messy

The other night we had a group of friends over for dinner. Our attempts to "keep it small" were delightfully thwarted and we ended up with some 12-14 people over the course of the evening. These are the nights where my heart is so full I think it could burst. I think I never want to leave this town. I think it just might be my very favorite thing in the world - to feed people, belly and spirit.

This was a sweet night, though not one easily prepared for ... all weekend I had been banished to the couch, kleenex and dayquil in hand, fighting off an unpleasant head cold. We had been out of town the week before and nothing was coming together. Add in a few unplanned last minute guests (though quite welcome) and an accident on the interstate that delayed my homecoming by almost an hour, and the evening was shaping up to not play out as well as I had hoped.

And what had I hoped for?

Perfection. Obviously.

I love to open my front door to friends, but I love to open it when the inside is clean and the dust bunnies are long gone, candles are lit and fresh flowers sit on the table. Something yummy has been bubbling away on the stove for quite awhile and a bottle of wine is ready to be poured.

I usually open my front door while my sweet husband scrambles to shove the last of the laundry behind the bed and all the other clutter into the closets ...

But that didn't happen last night. I thought it did, but it didn't. I walked in the bedroom halfway through the evening to find the coats and bags of our dear friends piled on our bed, but the rest of the bedroom was just as I had left it that morning.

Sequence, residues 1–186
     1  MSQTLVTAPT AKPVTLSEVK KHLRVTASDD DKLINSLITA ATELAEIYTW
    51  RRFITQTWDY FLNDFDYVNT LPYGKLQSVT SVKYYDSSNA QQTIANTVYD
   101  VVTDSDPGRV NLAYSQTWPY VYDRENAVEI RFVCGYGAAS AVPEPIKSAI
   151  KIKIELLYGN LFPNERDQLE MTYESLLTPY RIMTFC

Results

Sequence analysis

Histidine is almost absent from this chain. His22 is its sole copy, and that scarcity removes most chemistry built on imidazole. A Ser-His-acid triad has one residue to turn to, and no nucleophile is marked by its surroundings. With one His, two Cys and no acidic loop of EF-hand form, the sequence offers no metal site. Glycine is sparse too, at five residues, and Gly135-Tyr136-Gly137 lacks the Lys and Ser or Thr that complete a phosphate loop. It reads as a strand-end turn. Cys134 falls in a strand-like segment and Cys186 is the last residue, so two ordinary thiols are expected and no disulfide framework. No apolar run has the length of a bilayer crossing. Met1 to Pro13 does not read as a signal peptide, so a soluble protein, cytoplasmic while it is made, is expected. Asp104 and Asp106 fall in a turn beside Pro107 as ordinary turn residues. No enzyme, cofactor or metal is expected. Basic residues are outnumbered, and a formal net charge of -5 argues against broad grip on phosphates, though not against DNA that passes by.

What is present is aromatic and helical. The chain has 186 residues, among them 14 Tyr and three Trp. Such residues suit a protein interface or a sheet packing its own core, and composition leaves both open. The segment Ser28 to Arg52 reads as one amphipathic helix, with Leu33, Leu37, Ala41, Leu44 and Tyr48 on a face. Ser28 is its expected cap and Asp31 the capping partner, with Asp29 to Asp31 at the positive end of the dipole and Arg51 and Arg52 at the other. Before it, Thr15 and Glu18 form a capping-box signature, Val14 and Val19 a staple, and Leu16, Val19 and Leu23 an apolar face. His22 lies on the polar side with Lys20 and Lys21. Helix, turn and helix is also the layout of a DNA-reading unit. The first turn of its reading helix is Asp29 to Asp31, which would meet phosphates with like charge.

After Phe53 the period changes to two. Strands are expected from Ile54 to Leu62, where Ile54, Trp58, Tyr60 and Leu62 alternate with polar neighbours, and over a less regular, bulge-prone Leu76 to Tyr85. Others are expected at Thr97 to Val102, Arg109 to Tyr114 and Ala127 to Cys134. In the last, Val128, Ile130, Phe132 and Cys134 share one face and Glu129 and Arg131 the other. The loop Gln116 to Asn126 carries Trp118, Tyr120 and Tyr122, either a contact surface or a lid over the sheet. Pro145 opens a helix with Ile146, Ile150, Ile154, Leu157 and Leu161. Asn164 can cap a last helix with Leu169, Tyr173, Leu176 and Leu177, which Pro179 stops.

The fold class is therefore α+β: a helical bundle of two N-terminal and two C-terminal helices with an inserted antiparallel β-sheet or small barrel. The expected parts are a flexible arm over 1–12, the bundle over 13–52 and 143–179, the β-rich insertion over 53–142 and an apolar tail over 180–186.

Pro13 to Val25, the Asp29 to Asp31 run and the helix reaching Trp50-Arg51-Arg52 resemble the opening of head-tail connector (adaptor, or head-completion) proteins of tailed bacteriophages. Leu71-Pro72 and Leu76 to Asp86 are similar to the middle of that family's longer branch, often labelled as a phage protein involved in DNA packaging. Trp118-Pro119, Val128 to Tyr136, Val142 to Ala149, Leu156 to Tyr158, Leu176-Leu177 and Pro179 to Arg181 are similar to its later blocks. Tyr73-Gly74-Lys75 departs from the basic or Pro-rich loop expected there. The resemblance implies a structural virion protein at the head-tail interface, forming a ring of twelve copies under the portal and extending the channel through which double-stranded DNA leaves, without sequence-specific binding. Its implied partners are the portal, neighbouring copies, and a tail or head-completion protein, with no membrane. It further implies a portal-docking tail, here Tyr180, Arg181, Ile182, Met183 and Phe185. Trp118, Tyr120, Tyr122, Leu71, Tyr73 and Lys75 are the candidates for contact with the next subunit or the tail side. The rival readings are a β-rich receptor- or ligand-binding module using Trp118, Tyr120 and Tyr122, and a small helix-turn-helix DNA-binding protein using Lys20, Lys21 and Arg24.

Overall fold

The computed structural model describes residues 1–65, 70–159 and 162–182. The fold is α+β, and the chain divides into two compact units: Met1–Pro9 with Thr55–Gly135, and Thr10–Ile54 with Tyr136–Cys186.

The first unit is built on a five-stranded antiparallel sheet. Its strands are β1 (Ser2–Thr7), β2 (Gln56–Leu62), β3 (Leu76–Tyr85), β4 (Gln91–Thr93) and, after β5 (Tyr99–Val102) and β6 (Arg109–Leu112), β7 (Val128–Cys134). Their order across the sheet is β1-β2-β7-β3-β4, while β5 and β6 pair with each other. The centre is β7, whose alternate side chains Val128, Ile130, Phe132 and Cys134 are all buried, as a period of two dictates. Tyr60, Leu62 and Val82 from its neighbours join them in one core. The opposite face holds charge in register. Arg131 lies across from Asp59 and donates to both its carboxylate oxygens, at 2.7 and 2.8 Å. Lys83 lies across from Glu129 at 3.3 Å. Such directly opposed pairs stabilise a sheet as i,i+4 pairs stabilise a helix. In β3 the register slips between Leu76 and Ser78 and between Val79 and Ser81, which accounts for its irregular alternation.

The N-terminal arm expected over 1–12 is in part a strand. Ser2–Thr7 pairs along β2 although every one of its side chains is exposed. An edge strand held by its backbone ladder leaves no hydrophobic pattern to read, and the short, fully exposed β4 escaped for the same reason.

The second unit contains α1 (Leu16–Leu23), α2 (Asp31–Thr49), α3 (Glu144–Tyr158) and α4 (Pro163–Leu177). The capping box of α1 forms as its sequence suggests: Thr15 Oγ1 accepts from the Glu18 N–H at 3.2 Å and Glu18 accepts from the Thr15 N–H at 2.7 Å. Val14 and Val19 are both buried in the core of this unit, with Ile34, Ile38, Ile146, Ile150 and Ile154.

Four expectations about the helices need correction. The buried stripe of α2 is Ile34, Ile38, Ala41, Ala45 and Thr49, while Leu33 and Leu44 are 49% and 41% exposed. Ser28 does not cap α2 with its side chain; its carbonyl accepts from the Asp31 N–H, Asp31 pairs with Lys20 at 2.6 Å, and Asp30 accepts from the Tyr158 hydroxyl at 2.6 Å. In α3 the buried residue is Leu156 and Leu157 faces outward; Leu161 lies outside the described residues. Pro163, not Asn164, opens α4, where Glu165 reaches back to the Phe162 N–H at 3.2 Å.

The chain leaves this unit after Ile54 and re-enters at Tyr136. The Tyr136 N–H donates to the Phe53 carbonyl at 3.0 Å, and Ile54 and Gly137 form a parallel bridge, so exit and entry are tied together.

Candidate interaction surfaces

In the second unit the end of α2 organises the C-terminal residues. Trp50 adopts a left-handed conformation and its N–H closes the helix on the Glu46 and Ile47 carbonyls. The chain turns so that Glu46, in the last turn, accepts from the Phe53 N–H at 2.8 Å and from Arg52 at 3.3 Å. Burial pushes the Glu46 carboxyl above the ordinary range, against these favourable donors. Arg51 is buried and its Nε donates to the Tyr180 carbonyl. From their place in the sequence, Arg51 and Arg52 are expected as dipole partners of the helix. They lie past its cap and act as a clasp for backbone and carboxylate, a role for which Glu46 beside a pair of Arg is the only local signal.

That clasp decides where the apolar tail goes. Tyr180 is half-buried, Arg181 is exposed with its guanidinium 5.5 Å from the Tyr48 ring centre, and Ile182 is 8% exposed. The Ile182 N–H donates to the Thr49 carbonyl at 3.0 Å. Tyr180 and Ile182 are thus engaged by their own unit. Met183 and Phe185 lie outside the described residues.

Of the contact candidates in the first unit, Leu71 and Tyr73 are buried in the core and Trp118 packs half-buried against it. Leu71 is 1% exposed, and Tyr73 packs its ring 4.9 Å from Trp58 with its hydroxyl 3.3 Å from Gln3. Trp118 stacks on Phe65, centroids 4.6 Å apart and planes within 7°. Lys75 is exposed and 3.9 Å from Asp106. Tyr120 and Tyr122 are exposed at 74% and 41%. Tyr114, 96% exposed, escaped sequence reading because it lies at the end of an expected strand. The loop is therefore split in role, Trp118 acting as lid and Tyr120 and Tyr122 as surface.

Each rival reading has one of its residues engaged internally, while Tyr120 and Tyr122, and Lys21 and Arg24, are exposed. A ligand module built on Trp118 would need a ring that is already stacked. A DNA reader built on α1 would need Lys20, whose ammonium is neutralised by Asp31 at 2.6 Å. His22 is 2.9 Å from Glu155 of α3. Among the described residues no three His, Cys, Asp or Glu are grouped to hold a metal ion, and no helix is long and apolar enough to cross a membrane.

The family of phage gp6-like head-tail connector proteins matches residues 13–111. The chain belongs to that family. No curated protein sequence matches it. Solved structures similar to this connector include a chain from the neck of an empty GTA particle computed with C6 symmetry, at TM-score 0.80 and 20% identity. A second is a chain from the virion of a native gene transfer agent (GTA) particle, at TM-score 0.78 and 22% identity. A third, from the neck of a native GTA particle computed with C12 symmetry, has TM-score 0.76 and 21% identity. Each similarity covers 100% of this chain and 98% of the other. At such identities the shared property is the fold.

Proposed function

Cluttered. Clean laundry unfolded in baskets everywhere. Piles of books and computers and a half-knit scarf. My shoes spilled out of the open closet doors. I sighed.

I had made an apple pie instead of cleaning my bedroom. The day before, I had spent some much-needed time resting instead of folding the laundry.

And I think I'm okay with that.

I'm learning that nobody really likes a perfectionist. I'm learning that I don't really like myself when I'm trying to be one. That pretty much everyone in the world would prefer apple pie to a tidied bedroom, and certainly the people who gathered at our table last night would.

One of my favorite authors, Lauren Winner, writes it this way:

But to be a hostess, I'm going to have to surrender my notions of Good Housekeeping domestic perfection. I'll have to set down my pride and invite people over even if I haven't dusted. ... As Christians, we aren't meant simply to invite people into our homes, but into our lives as well. Having guests and visitors, if we do it right, isn't an imposition because we aren't meant to rearrange our lives for our guests—we're meant to invite our guests to enter into our sometimes-messy lives. It's this forging of relationships that transforms entertaining into hospitality.

So here's to inviting people into our mess ... our books on marriage and grad school, our half-knit scarves and empty tissue boxes. Our laptops and gigantic air filters. Take them all!

And take with it my pride, because it causes me enough problems, and my notions of being the perfect hostess. I love to open my home, but it takes a lot of the fun out of it when there is too much pressure to be perfect. I'm anything but perfect. (I'd like to make the perfect apple pie, but that's a sweeter kind of perfection all together.)

We are lucky to live life with the people that matter, that won't judge us because our books are piled all over the floor and we just haven't had time to fold the laundry yet. Tonight I am grateful for each of them. And I'm grateful for this journey of soul-exfoliation that I'm on with Lord ... He's stripping me down to my core and stealing away my pride and insecurity and filling me up with grace. It's not an easy road, but little moments like this one are good for my spirit. My imperfections are dramatically on display, but it doesn't really matter because I know I am loved down deep.